Thursday, 20 December 2012

Our ten most popular posts of 2012

1. Why do children hide by covering their eyes? 

"Together with the fact that it was the concealment of the eyes that seemed to be the crucial factor for feeling hidden, the researchers wondered if the children's invisibility beliefs were based around the idea that there must be eye contact between two people - a meeting of gazes - for them to see each other (or at least, to see their "selves")."

2. Why do humans walk in circles?

"Bestaven's team said this suggests that our propensity to walk in circles is related in some way to slight irregularities in the vestibular system. Located in inner ear, the vestibular system guides our balance and minor disturbances here could skew our sense of the direction of "straight ahead" just enough to make us go around in circles."

3. Pop music is getting sadder and more emotionally ambiguous

"Schellenberg and von Scheve found that the proportion of songs recorded in minor-mode has increased, doubling over the last fifty years. The proportion of slow tempo hits has also increased linearly, reaching a peak in the 90s."

4. You're most creative when you're at your groggiest

"Here's the headline result: the students were much more successful at solving the insight problems when the time of testing coincided with their least optimal time of functioning."

5. Introducing "enclothed cognition" - how what we wear affects how we think

"Participants who donned a lab coat performed significantly better than others who merely saw a lab coat on the desk (thus suggesting the enclothed effect is more powerful than mere priming) or others who wore the same kind of coat but were told it belonged to a painter."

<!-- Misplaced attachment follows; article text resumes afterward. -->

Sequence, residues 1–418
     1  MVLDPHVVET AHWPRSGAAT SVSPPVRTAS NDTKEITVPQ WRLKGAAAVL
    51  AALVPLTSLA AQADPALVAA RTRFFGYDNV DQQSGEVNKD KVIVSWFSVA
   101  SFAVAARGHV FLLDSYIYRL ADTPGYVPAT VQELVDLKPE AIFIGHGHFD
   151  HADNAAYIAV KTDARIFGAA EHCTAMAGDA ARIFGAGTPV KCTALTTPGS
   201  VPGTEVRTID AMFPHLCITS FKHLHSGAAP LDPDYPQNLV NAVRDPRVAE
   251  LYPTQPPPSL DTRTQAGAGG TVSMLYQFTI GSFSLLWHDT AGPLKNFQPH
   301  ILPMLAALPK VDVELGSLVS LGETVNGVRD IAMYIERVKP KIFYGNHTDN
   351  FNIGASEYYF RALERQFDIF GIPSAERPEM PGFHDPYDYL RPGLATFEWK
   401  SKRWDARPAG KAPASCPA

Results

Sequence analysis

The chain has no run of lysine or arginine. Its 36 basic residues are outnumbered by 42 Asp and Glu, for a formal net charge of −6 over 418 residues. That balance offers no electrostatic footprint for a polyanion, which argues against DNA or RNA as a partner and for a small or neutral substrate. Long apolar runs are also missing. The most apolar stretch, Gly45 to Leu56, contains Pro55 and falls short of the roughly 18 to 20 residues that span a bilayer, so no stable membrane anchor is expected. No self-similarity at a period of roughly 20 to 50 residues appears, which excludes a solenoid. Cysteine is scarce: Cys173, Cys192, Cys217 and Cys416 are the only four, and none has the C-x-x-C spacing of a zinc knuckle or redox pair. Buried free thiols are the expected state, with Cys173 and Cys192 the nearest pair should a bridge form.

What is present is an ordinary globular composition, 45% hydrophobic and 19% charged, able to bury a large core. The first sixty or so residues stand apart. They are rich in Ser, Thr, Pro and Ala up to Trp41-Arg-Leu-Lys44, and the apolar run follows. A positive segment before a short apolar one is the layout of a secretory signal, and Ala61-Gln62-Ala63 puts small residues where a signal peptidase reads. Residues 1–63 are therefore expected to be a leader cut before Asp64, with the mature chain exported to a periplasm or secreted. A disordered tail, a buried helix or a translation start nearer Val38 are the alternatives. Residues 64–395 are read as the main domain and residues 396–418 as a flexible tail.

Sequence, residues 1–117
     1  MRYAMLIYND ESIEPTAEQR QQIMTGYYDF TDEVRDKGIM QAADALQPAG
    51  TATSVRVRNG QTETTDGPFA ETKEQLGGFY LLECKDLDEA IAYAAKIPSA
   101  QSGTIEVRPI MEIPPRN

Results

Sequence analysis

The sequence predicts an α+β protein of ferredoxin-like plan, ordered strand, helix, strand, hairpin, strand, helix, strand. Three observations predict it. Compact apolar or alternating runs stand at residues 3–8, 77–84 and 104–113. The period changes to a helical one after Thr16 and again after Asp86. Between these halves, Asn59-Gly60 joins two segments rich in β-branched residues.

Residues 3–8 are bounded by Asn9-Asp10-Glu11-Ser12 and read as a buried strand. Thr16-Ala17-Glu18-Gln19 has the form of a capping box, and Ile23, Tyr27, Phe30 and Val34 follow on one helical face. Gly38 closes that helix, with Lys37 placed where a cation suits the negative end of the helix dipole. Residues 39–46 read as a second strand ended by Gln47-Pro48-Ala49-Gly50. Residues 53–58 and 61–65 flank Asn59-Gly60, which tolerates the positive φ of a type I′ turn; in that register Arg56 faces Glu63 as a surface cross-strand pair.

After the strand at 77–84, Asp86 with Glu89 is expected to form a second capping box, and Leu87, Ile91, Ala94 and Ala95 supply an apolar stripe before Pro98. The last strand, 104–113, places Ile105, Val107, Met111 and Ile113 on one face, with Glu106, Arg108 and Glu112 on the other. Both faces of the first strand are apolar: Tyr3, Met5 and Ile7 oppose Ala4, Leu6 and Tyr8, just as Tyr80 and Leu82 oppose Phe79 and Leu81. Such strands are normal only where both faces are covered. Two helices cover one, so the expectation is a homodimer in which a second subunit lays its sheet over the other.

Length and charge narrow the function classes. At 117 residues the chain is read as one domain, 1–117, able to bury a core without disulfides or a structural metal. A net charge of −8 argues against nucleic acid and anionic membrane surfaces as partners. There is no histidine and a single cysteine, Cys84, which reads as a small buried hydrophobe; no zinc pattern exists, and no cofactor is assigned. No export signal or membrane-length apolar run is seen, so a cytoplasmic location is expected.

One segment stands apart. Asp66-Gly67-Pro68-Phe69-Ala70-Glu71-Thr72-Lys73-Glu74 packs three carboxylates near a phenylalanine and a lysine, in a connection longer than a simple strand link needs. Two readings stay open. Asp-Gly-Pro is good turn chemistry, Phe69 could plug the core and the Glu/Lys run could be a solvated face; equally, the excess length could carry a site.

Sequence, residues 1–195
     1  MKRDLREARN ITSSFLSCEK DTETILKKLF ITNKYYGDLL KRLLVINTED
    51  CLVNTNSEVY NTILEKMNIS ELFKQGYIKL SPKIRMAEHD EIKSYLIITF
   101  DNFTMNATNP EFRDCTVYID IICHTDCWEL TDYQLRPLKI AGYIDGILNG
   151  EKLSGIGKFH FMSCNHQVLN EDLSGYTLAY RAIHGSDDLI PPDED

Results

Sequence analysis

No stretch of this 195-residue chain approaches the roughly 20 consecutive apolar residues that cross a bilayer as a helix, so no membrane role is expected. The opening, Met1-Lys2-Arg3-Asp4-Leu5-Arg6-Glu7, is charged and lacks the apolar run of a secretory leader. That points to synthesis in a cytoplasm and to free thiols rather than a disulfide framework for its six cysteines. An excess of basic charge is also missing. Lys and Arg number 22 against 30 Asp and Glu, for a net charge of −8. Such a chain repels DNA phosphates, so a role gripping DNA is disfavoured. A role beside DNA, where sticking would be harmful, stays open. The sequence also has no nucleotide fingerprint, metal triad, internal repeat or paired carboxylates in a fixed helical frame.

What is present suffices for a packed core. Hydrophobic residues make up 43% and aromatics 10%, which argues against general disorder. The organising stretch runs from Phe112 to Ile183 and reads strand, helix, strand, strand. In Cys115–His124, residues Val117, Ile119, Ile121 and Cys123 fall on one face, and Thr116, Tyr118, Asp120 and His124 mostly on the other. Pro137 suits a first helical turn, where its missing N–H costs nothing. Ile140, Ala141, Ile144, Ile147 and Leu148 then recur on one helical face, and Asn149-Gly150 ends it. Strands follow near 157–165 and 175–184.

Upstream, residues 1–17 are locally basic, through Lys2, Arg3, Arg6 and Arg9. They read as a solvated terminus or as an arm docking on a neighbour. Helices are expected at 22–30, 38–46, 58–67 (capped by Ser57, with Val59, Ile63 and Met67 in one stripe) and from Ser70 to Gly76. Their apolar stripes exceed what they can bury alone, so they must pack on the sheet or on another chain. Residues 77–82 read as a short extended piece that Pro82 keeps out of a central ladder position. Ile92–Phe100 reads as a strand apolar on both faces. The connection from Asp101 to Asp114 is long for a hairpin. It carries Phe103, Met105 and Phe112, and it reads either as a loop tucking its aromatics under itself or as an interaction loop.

6. Made it! An uncanny number of psychology findings manage to scrape into statistical significance

"The pattern of results could be indicative of dubious research practices, in which researchers nudge their results towards significance, for example by excluding troublesome outliers or adding new participants. Or it could reflect a selective publication bias in the discipline - an obsession with reporting results that have the magic stamp of statistical significance. Most likely it reflects a combination of both these influences."

7. Why you should watch a horror film before going to the art gallery

Feeling afraid enhances the sublime power of art. "The capacity for a work of art to grab our interest and attention, to remove us from daily life, may stem from its ability to trigger our evolved mechanisms for coping with danger," the researchers said.

8. What your Facebook picture says about your cultural background

"Regardless of their current location, there was a significant association between cultural background and style of Facebook picture. Facebook users originally hailing from Taiwan were more likely to have a zoomed-out picture in which they were seen against a background context. Users from the USA, by contrast, were more likely to have a close-up picture in which their face filled up more of the frame."

9. Total recall: The man who can remember every day of his life in detail

"For most of us, it's tricky enough to remember what we were doing this time last week, let alone on some random day years ago. But for a blind 20-year-old man referred to by researchers as HK, every day of his life since the age of about eleven is recorded in his memory in detail."

10. Facebook or Twitter: What does your choice of social networking site say about you?

"The researchers interpreted these patterns as suggesting that Facebook users seek and share information as a way of avoiding more cognitively demanding sources such as journal articles and newspaper reports. Twitter users, by contrast, use the site for its cognitive stimulation - as a way of uncovering useful information and material without socialising (this was particularly true for older participants)."

Also, check out our at-a-glance guide to psychology in 2012 and The best psychology books of 2012.
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Post compiled by Christian Jarrett (@psych_writer) for the BPS Research Digest.

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